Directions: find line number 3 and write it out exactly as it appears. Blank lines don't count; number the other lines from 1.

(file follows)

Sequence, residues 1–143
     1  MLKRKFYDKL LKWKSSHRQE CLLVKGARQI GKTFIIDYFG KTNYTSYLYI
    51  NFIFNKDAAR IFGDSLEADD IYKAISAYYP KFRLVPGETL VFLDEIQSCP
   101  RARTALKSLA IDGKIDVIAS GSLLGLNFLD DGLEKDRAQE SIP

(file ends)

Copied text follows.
    51  NFIFNKDAAR IFGDSLEADD IYKAISAYYP KFRLVPGETL VFLDEIQSCP